The mass or quantity of heaviness of an individual. It is expressed by units of pounds or kilograms.
A practice whereby tokens representing money, toys, candy, etc., are given as secondary reinforcers contingent upon certain desired behaviors or performances.
Neural tracts connecting one part of the nervous system with another.
Focusing on certain aspects of current experience to the exclusion of others. It is the act of heeding or taking notice or concentrating.
The exchange or transmission of ideas, attitudes, or beliefs between individuals or groups.
Any detectable and heritable change in the genetic material that causes a change in the GENOTYPE and which is transmitted to daughter cells and to succeeding generations.
An induced response to threatening stimuli characterized by complete loss of muscle strength.
Observable manifestations of impaired psychological functioning.
A social group consisting of parents or parent substitutes and children.
Any enhancement of a motivated behavior in which individuals do the same thing with some degree of mutual stimulation and consequent coordination.
A primary, chronic disease with genetic, psychosocial, and environmental factors influencing its development and manifestations. The disease is often progressive and fatal. It is characterized by impaired control over drinking, preoccupation with the drug alcohol, use of alcohol despite adverse consequences, and distortions in thinking, most notably denial. Each of these symptoms may be continuous or periodic. (Morse & Flavin for the Joint Commission of the National Council on Alcoholism and Drug Dependence and the American Society of Addiction Medicine to Study the Definition and Criteria for the Diagnosis of Alcoholism: in JAMA 1992;268:1012-4)

Effect of morphine and naloxone on priming-induced audiogenic seizures in BALB/c mice. (1/16705)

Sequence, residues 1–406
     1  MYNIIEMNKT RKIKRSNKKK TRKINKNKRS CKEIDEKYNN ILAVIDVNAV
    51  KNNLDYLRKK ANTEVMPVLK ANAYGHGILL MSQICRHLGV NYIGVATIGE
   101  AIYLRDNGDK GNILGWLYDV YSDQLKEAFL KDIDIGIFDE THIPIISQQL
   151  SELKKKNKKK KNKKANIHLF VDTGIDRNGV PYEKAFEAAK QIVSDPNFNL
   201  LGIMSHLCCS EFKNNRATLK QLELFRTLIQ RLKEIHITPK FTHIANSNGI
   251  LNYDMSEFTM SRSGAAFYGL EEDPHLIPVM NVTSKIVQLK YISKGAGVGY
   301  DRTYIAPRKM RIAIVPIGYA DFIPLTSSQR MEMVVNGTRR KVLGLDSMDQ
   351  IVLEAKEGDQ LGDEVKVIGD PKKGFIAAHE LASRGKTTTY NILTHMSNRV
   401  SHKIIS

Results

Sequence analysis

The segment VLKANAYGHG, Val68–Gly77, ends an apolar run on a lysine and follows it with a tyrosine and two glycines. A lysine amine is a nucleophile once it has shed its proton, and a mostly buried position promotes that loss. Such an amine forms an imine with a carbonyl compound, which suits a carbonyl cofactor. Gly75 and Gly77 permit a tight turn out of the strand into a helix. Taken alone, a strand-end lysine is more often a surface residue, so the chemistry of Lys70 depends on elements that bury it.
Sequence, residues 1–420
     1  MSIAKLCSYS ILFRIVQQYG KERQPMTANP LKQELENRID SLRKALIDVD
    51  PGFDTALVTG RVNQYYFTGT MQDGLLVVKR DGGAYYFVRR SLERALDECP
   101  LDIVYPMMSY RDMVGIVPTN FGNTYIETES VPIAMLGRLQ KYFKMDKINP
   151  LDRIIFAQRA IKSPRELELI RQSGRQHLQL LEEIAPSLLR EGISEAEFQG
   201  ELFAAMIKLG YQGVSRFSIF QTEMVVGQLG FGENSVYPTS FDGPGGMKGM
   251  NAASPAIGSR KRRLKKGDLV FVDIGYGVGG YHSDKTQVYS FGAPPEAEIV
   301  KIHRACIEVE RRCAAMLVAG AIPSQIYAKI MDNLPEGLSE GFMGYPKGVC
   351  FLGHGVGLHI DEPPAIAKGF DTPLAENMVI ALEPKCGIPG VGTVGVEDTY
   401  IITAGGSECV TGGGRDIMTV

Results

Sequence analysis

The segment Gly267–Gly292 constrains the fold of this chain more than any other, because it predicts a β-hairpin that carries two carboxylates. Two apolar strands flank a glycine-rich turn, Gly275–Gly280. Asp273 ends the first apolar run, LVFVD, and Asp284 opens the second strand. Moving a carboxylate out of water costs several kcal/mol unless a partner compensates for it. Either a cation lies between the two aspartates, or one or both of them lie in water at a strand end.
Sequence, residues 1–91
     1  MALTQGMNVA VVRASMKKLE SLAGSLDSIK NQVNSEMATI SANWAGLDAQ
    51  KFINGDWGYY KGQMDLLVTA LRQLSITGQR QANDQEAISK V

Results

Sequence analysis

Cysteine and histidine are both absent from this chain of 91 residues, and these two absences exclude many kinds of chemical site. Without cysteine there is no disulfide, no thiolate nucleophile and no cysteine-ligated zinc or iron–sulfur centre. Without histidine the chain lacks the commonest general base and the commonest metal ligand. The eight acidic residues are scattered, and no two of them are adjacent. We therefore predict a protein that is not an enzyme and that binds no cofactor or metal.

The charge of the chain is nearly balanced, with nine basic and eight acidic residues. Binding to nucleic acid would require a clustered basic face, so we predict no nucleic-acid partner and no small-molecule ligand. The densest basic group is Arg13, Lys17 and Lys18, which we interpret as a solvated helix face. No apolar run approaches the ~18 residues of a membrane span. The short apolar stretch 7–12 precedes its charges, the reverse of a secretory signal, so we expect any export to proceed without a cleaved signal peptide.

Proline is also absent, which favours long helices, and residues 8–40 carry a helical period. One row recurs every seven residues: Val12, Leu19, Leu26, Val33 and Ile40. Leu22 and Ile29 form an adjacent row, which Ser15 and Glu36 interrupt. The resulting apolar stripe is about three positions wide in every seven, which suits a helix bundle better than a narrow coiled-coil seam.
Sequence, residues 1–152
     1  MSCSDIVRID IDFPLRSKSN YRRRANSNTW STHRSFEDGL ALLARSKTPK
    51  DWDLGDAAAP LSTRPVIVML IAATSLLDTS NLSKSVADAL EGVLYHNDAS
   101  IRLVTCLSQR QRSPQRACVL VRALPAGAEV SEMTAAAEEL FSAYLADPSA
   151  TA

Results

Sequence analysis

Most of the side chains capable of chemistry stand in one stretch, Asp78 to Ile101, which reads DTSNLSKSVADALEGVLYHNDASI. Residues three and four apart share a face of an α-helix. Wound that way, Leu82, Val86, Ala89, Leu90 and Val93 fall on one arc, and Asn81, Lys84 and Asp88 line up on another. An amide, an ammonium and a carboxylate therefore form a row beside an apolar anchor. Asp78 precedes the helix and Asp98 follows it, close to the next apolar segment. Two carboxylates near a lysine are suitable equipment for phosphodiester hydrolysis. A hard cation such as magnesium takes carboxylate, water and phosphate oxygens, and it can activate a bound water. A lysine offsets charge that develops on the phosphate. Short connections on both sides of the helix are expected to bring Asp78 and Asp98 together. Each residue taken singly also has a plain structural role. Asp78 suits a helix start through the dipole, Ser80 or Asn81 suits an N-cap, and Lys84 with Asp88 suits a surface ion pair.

1 Morphine (1-200 mg/kg s.c.) reduced the incidence and prolonged the latency of priming-induced audiogenic siezures in a dose-dependent manner. 2 This effect was reversed by naloxone (1 and 2 mg/kg) although naloxone was itself inactive. 3 This priming-induces seizure model may be useful in the study of tolerance and physical dependence.  (+info)

A review of the pharmacology, pharmacokinetics and behavioral effects of procaine in thoroughbred horses. (2/16705)

Since procaine has both local anaesthetic and central stimulant actions its presence in the blood or urine of racing horses is forbidden. After rapid intravenous injection of procaine HC1 (2.5 mg/Kg) in thoroughbred mares plasma levels of this drug fell rapidly (t 1/2 alpha = 5 min) and then more slowly (t 1/2 beta = 50.2 min). These kinetics were well fitted by a two compartment open model (Model I). This model gave an apparent Vdbeta for procaine in the horse of about 3,500 litres. Since procaine was about 45% bound to equine plasma protein this gives a true Vdbeta for procaine of about 6,500 litres. After subcutaneous injection of procaine HC1 (3.3 mg/Kg) plasma levels peaked at about 400 ng/ml and then declined with a half-life of about 75 minutes. These data were well fitted by Model I when this was modified to include simple first order absorption (K = 0.048 min-1) from the subcutaneous injection site (Model II). After intramuscular injection of procaine penicillin (33,000 I.U./Kg) plasma levels reached a peak at about 270 ng/ml and then declined with a half-life of about 9 hours. These data were approximately fitted by Model II assuming a first order rate constant for absorption of procaine of 0.0024 min-1. After intramuscular injection of procaine HC1 (10 mg/Kg) plasma levels of procaine peaked rapidly at about 600 ng/ml but thereafter declined slowly (+ 1/2 = 2 hours). A satisfactory pharmaco-kinetic model for this intramuscular data could not be developed. An approximation of these data was obtained by assuming the existence of two intramuscular drug compartments, one containing readily absorbable drug and the other poorly absorbable drug (Model III). After intra-articular administration of procaine (0.33 mg/Kg) plasma levels of this drug reached a peak at about 17 ng/ml and then declined with a half-life of about 2 hours. These data were not modelled.  (+info)